By Bright Hawk & Hollis Taylor
Living on the road has many lessons, often it’s about the story we choose to engage in. We often find ourselves on BLM (Bureau of Land Management) land where we can stay for a week or two, completely free, although you need to be prepared as there is no water, no electricity, and so on. You need to be prepared for primitive camping and sometimes known as boondocking. We love this kind of camping, it’s quiet and often is surrounded by our favorite views – nature! We love to have the option of hiking, camping, and hopefully a great place to capture some photos or videos. We find ourselves having to put our heads into our work and take care of everything from personal business to scheduling LetsDanceActivities.org, and managing our business growth. Recently we are making big changes and focusing deeply on what we want to see grow. Making a business work takes a lot of work and in our 3rd year in our van and 5yrs on tour we are making some adjustments to things. As we follow our deeper calling to expand what we bring to the world we find ourselves looking for more places that have a connection to the internet, great hikes, and boondocking for free.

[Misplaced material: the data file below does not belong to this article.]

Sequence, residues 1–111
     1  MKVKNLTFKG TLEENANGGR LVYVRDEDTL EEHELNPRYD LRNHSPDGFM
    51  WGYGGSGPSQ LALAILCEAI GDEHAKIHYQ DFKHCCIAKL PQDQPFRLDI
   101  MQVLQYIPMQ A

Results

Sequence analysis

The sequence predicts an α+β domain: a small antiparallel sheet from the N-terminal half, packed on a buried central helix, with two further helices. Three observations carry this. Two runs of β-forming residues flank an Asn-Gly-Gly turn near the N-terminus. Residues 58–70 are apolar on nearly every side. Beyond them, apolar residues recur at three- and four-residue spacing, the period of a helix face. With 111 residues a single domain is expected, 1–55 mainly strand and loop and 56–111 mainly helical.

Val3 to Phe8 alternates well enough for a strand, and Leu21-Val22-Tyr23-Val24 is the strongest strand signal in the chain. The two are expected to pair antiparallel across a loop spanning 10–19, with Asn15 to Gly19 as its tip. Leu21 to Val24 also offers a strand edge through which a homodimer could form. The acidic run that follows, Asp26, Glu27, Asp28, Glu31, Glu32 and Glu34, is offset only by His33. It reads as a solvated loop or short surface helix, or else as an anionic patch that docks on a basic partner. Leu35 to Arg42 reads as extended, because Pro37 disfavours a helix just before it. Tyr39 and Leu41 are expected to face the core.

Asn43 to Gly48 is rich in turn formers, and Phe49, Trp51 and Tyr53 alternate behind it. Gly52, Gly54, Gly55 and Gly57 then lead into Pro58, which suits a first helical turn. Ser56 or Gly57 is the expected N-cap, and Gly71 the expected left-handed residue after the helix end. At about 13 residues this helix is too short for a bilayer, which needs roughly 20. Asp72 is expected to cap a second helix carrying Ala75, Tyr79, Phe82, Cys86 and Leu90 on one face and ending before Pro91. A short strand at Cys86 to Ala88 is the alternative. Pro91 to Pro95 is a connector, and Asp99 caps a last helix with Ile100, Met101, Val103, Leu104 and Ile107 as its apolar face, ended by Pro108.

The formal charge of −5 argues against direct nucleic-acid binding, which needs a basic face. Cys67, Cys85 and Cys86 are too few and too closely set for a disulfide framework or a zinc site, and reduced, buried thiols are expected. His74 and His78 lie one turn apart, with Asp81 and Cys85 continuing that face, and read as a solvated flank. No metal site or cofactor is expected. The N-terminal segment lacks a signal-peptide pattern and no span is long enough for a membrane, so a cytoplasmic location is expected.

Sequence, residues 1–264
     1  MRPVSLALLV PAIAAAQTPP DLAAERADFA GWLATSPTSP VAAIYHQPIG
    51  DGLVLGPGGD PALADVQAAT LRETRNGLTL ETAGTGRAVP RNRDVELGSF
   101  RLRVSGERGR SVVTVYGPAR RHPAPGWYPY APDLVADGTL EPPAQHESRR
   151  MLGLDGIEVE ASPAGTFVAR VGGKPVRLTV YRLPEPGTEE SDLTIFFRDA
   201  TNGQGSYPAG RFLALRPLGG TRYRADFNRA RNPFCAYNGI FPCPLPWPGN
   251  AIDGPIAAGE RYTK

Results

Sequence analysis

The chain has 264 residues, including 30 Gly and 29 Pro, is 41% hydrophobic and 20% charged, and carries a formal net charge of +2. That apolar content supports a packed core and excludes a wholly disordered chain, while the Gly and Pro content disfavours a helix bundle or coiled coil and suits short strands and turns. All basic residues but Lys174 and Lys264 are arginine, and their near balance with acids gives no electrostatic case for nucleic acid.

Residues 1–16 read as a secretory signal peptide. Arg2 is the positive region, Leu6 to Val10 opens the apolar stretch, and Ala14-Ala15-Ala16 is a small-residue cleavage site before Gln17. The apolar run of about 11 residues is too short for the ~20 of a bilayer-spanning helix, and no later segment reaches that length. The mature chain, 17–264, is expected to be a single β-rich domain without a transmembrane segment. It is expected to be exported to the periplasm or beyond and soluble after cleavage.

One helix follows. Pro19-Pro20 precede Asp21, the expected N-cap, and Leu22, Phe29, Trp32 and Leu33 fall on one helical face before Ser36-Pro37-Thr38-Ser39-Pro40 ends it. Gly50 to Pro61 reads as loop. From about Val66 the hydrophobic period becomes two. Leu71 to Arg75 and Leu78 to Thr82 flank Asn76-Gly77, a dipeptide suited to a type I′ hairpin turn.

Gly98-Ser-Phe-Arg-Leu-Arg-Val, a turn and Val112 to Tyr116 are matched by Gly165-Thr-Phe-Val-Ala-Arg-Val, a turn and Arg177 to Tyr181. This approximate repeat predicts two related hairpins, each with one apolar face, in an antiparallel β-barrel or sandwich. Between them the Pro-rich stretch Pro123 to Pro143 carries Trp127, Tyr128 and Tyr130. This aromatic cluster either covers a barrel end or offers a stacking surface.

After wrapping up our Summer/Fall Tour 2019 we took a break to Zion National Park. We are working on video projects and always need more footage. We loved hiking in Zion National Park and since we had a little time we would love to stay in the area, get some much-needed work done, and then go visit the park again on our rest days. We find some great free campsites but most of them have intermittent or no internet connection. Also, it’s easier if we can just spread out, open the mobile office and get our work done than to travel every day to a library to get it done. We look closer to St. George, Utah where we can shop at reasonable prices and just 45mins away from Zion National Park. We find and inquire about Hurricane Cliffs, we find reviews that show other people had a signal from many providers and we punch it into our navigation. We are ready for a few days of boondocking and are filled up with water, food, and a solar panel to strap to our windshield.
We find the first road of free campsites and travel down a bumpy road, prepared to find the best campsite possible with internet signal so we can work online. The sign says there are 6 campsites down this road. As we travel the road we see that some campsites are simply too narrow for us and better for a car/tent type camper. A larger site shows up on the right but it’s full, yet right across is another campsite, plenty big for us, and completely empty. We quickly take the campsite as its sunset and all us boondockers are looking for campsites at ‘first come – first serve – free’ campsites. You can imagine that Thursday through Sunday this place can fill up fast, we are grateful to land on a Wednesday and have enough water to get us through till Sunday. Those few days we enjoy the space yet yearn for those campsites further apart, offering more privacy, and neither of us cares to hear people practicing with their guns. We are grateful to have a free, good, and mostly private campsite with an internet connection. Sunday arrives and we roll the dice by leaving, yet we trust, at this point, we need more water.